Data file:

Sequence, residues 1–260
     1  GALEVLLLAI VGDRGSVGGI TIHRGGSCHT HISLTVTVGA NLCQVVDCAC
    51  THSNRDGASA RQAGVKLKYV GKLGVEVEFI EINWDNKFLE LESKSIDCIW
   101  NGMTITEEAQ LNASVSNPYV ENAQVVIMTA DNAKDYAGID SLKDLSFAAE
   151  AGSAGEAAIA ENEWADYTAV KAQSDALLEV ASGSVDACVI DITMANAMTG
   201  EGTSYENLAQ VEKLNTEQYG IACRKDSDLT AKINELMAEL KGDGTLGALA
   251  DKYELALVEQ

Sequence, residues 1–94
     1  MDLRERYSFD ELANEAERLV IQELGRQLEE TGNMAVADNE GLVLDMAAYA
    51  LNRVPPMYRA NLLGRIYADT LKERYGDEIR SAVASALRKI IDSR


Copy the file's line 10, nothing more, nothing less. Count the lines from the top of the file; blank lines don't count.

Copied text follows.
    51  LNRVPPMYRA NLLGRIYADT LKERYGDEIR SAVASALRKI IDSR